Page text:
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Newspaper Page Text
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AN ERROR OF JUDGMENT.
By Mary Ruhl.
(Copyright-by JW. G. Chapman.)
It seemed like a dream to Arthur
Lessing to be back again at Squire
Brenrier's house that afternoon in
The placid New England country,
green with young grass, the apple
trees in blossom, the well-remem-
She Looked Worn and Haggard.
bered scenes came back so vividly to
his remembrance. It was four years
since he had left Wakefield to make
his way in the world, and now, at the
age of 26, he was back, Brenner's
guest, and already with an estab
lished position in the city.
It was an open secret that he had
come back to ask Madge to be his
wife. They were old friends. She
had written to him sometimes, and
ihere was always a note of-intimacy
in her letters. It had been an idyllic
love affair, though no word had been
And they received him like an old
friend. When Madge shook hands
with him he felt the same subtle
touch of sympathy. And Edith, .her
sister, smiled as she greeted him.
She seemed to know everybody
knew the purpose of his return during
that week that he was to be the
guest of his father's oldest friend.
Squire Brenner alluded tactfully to
the impending engagement as they
strolled under the big chestnut trees
"The man who gets Madge will be
a lucky fellow," he said. "She is a
girl of sterling merit. And she will
inherit a good deal of money"" Then
he turned suddenly and1 shook hands
with t,e young-fellow.
In the old days he and Leslie Carter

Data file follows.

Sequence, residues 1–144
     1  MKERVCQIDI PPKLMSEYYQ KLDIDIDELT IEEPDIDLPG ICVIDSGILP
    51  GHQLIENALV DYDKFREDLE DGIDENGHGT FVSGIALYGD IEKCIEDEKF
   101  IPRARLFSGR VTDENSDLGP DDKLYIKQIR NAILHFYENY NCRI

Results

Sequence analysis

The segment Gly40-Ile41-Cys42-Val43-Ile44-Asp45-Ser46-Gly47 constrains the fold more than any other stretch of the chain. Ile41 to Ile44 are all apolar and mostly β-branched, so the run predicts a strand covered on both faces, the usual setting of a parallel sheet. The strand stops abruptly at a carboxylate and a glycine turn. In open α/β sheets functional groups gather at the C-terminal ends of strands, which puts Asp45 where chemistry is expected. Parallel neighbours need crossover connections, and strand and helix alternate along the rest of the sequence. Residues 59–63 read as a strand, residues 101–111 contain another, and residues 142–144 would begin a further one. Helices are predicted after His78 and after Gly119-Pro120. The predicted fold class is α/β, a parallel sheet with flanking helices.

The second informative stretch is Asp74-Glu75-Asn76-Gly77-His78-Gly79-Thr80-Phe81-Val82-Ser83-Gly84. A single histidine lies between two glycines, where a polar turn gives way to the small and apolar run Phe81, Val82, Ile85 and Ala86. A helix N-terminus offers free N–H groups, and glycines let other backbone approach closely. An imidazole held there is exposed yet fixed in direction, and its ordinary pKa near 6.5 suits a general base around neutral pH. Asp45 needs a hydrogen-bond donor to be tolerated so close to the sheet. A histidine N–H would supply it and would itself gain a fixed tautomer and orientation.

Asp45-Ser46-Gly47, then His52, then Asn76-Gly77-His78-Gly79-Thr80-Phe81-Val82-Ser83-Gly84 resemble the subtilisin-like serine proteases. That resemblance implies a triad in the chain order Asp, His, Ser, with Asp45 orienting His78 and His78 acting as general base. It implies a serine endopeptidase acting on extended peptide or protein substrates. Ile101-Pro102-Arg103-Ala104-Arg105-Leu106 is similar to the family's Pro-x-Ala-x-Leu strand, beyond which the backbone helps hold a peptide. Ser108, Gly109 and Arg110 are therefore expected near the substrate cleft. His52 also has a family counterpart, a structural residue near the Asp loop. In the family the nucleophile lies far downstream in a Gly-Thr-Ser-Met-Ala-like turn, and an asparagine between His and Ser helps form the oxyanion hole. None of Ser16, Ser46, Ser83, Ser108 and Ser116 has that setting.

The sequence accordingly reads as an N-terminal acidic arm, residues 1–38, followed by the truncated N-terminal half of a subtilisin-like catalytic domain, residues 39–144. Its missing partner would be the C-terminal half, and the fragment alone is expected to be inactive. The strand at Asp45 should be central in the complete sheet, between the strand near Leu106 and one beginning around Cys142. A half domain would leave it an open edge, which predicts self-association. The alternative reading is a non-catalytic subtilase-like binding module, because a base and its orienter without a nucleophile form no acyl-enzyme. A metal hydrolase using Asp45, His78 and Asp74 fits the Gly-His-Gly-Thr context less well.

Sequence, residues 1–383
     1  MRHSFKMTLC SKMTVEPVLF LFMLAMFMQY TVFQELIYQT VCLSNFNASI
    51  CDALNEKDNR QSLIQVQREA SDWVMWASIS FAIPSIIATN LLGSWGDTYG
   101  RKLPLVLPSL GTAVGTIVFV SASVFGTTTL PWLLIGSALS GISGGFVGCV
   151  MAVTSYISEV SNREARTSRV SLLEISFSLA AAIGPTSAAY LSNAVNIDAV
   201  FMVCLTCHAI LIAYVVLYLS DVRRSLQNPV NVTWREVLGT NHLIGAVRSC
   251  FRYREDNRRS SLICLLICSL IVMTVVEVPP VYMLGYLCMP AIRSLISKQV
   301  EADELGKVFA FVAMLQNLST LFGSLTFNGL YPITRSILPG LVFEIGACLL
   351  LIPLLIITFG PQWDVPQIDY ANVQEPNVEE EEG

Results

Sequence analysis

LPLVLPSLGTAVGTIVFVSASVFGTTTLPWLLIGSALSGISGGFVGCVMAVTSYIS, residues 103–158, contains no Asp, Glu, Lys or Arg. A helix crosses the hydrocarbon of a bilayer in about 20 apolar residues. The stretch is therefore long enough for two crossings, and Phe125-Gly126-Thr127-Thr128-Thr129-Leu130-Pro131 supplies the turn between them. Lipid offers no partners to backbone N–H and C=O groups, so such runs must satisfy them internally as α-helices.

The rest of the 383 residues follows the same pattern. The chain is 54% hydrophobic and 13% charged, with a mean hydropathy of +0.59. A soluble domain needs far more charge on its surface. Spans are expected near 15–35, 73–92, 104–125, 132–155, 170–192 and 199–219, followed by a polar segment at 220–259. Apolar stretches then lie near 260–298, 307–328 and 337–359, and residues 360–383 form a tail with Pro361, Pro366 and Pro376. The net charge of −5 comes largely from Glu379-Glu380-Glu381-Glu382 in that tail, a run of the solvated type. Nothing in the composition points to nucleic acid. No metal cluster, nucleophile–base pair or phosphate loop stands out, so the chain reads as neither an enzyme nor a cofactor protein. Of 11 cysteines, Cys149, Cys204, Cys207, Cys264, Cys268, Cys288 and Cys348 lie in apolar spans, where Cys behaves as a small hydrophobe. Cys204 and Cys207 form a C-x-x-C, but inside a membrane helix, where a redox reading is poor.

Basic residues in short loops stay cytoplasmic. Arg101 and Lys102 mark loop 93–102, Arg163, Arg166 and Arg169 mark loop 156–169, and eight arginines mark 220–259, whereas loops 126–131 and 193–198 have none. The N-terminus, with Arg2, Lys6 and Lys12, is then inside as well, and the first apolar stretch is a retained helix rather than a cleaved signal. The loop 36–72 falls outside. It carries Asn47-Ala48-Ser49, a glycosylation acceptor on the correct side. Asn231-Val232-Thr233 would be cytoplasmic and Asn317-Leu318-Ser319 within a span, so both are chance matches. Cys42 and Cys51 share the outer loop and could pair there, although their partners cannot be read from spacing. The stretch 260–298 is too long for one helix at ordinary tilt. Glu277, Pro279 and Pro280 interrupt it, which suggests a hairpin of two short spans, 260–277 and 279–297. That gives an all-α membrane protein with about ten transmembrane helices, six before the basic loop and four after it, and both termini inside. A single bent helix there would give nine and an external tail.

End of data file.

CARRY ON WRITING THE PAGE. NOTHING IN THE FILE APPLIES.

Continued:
had been rivals for Madge. Leslie
had borne no malice when his suit
was gently declined. Lessing had
hardly expected to see Carter there,
but he seemed, to be on intimate
terms with the family. He, too, was
a week-end guest at the Brenner
During dinner Lessing noticed with
a touch of the old jealousy that Car
ter seemed to have established a
brotherly relationship, with the girls.
And this was needed to kindle the
young man's determination. He
would ask Madge that night.
The opportunity was easily ar
rived at, for the squire retired to his
library, and Mrs. Brenner nodded
over her sewing. The girls and Car
ter had gone out into the garden,
Lessing lingering behind to settle
Mrs. Brenner in her chair and put
the knitting needles in her lap. Then
he hurried out
Madge was waiting for him! That
was a blunt way of putting it, and
yet he knew that the same instinct of
understanding wihch had always
bound them together had sent her
alone to that arbor beneath the chest
nuts. cThe night,was darJc he could
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